Posted in Reviews

“Love is blind”: Thoughts on ‘Harry Potter and the Cursed Child.’

I read Harry Potter and the Cursed Child: Parts One and Two today and I am half-stunned, half-sad.

Harry_Potter_and_the_Cursed_Child_Special_Rehearsal_Edition_Book_Cover
Image courtesy of Little, Brown and Co.

Looking at the book, you think it will take a while to finish, at least two days, but you forget: plays are easy to read (I’ve acted a lot in my time, I’m used to the set-up and I whizz through them) and this is Harry Potter (of course, you’re going to read it all in one sitting). I’m truly gutted that I have already finished reading it so I think I may have to flick back to Page One and start again, as is tradition with me and Harry Potter.

I was anxious to read this play because I have tickets booked to see both parts in November and I worried that I would ruin it for myself if I went in already knowing what is going to happen. I then had a bit of a brain-wave: isn’t that what happened when I saw the films? I had already read the books and knew exactly what I was expecting and it never ruined the magic (some pun intended) of the story for me.

I also received a tweet from a kind stranger after I expressed my concerns online telling me that she had already seen the play and was 100% confident that it would not be ruined for me should I read the script first.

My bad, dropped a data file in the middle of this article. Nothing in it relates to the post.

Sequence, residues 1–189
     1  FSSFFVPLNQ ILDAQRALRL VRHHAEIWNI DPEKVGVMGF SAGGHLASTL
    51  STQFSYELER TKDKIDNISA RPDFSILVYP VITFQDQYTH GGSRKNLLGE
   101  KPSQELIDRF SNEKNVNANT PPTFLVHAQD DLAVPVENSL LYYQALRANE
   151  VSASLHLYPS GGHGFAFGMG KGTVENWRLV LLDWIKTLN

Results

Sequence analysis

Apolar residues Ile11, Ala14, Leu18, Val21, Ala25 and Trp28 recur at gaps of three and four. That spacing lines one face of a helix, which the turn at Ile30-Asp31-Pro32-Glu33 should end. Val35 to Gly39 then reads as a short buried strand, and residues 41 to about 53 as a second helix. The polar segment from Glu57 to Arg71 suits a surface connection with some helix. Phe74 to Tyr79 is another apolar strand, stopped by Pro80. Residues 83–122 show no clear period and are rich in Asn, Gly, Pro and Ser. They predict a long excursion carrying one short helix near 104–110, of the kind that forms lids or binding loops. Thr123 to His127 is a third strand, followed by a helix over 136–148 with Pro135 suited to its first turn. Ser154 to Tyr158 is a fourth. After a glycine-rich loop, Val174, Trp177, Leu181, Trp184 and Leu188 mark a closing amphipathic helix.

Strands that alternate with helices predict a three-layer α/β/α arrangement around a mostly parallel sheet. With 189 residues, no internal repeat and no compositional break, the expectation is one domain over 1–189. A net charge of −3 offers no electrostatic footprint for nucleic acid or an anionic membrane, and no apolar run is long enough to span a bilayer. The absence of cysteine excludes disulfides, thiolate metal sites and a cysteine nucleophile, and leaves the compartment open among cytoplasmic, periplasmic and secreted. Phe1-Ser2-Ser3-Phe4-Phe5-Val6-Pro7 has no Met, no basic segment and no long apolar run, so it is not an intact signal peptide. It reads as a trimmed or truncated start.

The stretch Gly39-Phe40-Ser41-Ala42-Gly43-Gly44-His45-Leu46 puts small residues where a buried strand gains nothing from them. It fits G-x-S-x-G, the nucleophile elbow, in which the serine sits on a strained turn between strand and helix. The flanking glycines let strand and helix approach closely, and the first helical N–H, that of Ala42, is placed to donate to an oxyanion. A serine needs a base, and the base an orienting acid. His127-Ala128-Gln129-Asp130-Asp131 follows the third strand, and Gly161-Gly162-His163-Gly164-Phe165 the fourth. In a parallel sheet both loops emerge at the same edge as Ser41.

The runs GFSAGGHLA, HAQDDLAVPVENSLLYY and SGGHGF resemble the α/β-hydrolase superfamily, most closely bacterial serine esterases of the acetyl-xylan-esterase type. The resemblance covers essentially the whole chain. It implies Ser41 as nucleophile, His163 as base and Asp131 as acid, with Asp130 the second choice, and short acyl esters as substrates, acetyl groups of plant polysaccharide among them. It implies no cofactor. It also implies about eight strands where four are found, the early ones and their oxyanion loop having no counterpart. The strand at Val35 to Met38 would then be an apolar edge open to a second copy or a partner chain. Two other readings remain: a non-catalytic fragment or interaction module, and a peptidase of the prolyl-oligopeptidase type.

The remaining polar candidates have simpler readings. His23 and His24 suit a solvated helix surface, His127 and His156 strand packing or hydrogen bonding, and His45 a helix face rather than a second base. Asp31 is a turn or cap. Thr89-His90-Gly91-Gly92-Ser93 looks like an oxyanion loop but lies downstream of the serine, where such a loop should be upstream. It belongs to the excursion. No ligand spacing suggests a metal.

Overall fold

I took her advice and planned to buy it with a gift card I had received at graduation for Blackwell’s but when it was half price in Waterstone’s today, I had to snatch it up. I’ve had a pretty awful week, if I’m honest, and a bit of Harry Potter is always a sure-fire way to improve my mood.

I will keep the spoilers to myself for this post since this is merely a brief word on my initial thoughts of the play. I will attempt an actual review of the book tomorrow with some spoilers for those of you who have seen or read the play already.

From the get-go, everything about Cursed Child was surprising.

I knew the premise of this story, as I’m sure we all did, but the route the story took was one of the most unexpected plots I have ever experienced. There is nothing predictable about Cursed Child and that is a true testament to the talents of Jack Thorne, John Tiffany and our beloved J.K. Rowling in today’s day and age of the most predictable plot twists of all time (I’m talking to you Gone Girl).

I read books and watch shows and films these days that are simply relics of thousands of stories already told. Cursed Child is nothing like that.

It is spectacular in the way it creates a whole new world out of something already so dearly loved by so many way and yet it encapsulates the heart of the Harry Potter series perfectly.

From the dialogue to the overwhelming emotion, everything about Cursed Child screams Harry Potter and yet, none of it does. It is beautifully its own story and its own world. The characters are their own characters and not merely replicas of their previous stories. Yet, they are so recognisable and familiar. I know this sounds confusing. I am trying to explain how wonderfully this story has been told and how well this play stands out as its own work of fiction.

It is not a story that leans on its predecessor. It is a stand-alone tale that captures the hearts of its readers with its intelligent use of humour, emotion and darkness. Cursed Child has everything you could want in a tale and is the perfect way to end the written works of the Harry Potter franchise.

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